tenuity


Also found in: Thesaurus, Medical.

te·nu·i·ty

 (tĕ-no͞o′ĭ-tē, -nyo͞o′-)
n.
The quality or condition of being tenuous; lack of thickness, density, or substance.

[Middle English tenuite, from Old French, from Latin tenuitās, thinness, from tenuis, thin; see tenuous.]

te•nu•i•ty

(təˈnu ɪ ti, -ˈnyu-, tɛ-)

n.
1. the state of being tenuous.
2. slenderness.
3. thinness of consistency; rarefied condition.
[1525–35; < Latin tenuitās thinness =tenui(s) (see tenuis) + -tās -ty2]
ThesaurusAntonymsRelated WordsSynonymsLegend:
Noun1.tenuity - relatively small dimension through an object as opposed to its length or width; "the tenuity of a hair"; "the thinness of a rope"
dimension - the magnitude of something in a particular direction (especially length or width or height)
2.tenuity - a rarified quality; "the tenuity of the upper atmosphere"
density, denseness - the amount per unit size
3.tenuity - the quality of lacking intensity or substance; "a shrill yet sweet tenuity of voice"- Nathaniel Hawthorne
weakness - the property of lacking physical or mental strength; liability to failure under pressure or stress or strain; "his weakness increased as he became older"; "the weakness of the span was overlooked until it collapsed"
Translations

tenuity

[teˈnjʊɪtɪ] Ntenuidad f
References in classic literature ?
A cadaverousness of complexion; an eye large, liquid, and luminous beyond comparison; lips somewhat thin and very pallid, but of a surpassingly beautiful curve; a nose of a delicate Hebrew model, but with a breadth of nostril unusual in similar formations; a finely-moulded chin, speaking, in its want of prominence, of a want of moral energy; hair of a more than web-like softness and tenuity; these features, with an inordinate expansion above the regions of the temple, made up altogether a countenance not easily to be forgotten.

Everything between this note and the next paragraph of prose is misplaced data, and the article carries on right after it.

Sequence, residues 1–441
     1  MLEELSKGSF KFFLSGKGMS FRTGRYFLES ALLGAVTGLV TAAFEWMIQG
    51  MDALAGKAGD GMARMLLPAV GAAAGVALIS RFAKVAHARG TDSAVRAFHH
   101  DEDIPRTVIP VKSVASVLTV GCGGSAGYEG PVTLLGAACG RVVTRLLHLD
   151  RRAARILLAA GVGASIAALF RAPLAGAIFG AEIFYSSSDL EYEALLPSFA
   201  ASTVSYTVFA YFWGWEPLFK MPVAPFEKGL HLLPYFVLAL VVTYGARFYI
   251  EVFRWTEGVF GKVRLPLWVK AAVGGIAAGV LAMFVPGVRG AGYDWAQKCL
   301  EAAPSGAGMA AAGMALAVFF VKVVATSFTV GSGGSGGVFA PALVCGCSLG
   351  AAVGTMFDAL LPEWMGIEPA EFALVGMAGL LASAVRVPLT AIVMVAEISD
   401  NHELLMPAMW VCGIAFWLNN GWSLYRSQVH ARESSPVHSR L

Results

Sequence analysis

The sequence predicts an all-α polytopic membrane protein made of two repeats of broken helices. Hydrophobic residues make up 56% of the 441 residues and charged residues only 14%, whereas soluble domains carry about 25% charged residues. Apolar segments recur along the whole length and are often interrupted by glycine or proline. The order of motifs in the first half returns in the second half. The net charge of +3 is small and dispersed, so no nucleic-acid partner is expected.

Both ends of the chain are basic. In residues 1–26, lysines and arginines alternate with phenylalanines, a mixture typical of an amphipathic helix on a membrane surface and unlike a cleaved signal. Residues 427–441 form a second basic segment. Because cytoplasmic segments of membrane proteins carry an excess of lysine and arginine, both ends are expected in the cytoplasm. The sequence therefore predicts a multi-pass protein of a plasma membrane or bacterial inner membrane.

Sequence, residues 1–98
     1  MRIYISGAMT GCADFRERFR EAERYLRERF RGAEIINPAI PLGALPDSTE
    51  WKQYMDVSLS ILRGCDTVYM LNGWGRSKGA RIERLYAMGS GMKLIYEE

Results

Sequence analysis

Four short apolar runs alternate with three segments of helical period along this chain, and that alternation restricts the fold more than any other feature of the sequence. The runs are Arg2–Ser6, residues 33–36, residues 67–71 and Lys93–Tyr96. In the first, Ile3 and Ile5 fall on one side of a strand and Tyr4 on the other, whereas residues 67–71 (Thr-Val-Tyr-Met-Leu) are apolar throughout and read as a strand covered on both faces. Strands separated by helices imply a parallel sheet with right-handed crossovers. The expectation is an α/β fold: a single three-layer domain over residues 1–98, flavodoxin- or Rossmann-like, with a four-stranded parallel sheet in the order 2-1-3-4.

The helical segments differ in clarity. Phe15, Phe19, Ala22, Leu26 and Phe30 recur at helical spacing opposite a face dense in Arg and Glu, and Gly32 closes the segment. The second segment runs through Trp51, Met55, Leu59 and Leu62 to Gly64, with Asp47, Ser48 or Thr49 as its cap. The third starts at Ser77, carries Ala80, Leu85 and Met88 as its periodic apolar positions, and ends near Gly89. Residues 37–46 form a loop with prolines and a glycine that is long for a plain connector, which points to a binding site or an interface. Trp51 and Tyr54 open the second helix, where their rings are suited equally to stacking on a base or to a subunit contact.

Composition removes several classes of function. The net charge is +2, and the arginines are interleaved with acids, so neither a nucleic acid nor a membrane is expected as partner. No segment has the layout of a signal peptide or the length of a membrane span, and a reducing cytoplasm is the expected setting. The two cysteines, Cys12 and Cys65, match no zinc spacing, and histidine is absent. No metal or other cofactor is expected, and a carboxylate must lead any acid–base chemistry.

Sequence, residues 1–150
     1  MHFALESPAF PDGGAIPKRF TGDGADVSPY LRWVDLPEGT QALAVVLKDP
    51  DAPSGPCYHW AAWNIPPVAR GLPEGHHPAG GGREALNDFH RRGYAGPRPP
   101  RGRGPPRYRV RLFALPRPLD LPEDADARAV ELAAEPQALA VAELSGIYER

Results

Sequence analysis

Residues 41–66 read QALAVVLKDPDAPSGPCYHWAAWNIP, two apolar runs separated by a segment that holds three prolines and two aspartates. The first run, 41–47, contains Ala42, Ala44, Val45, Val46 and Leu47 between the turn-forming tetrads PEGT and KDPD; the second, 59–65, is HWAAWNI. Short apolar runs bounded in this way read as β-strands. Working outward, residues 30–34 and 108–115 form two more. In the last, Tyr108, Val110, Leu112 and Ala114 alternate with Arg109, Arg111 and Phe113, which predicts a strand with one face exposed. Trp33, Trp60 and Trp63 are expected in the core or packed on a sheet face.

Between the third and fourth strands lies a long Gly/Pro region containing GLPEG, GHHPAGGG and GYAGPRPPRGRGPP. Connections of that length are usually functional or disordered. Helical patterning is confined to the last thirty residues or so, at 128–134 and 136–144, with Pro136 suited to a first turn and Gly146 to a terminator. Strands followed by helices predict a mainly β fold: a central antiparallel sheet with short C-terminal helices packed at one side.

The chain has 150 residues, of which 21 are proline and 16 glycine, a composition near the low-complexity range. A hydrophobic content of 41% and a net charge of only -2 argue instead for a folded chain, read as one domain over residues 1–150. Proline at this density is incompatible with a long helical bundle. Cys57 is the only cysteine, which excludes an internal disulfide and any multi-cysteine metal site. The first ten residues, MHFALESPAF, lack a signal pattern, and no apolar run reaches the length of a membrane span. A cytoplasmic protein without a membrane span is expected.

Fouquet had gone to bed, like a man who clings to life, and wishes to economize, as much as possible, that slender tissue of existence, of which the shocks and frictions of this world so quickly wear out the tenuity. D'Artagnan appeared at the door of this chamber, and was saluted by the superintendent with a very affable "Good day."
Presently the sudden transition from daylight to darkness which, owing to the tenuity of the air upon Barsoom, occurs almost without the warning twilight of Earth, would occur.
But its efforts, it must be acknowledged, served an excellent purpose; for, with each successive whiff, the figure lost more and more of its dizzy and perplexing tenuity and seemed to take denser substance.
The tenuity of the passaggio at [F.sub.5] may have rendered it susceptible to disturbance by once the normal flow of hormones, or it might prove idiosyncratic to this investigation; further research is needed to confirm or refute the findings reported in this study.
In astronomy, it was regarded as a fluid of extreme tenuity and mobility, offering no resistance to the motions of the celestial bodies.
(34) He proceeded to describe the political deadlock between Turkey, England, Zionists, and Muslims (he made no reference to Arab Christians), claiming that "any new venture in that ravished land is not only insecure, but will also fail to obtain legalized protection to title to any property that might be purchased under the present hazard." (35) Beyond political instability and the tenuity of property rights, the obstinate mental attitudes of Jews and Arabs precluded "constructive mission work, as no such work can flourish among people whose minds are at war and whose bodies engage in daily riots somewhere in the country." (36)
The Taoism of Clarified Tenuity: Content and Intention
An apocalyptic event has destroyed humanity and terrestrial life; the agent of destruction was a comet on a path that "would bring it into very close proximity with the earth." As the comet drew closer, scholars had reassured the world that comets were "vapory creations of inconceivable tenuity ...
Most have assumed a veneer of Islam but the tenuity of this can be judged by their addiction to illicit brewing and drunkenness.
(6) Absorbent drug is a drug which, due to its tenuity and heat, stirs the fluids as soon as it comes across them at a place ...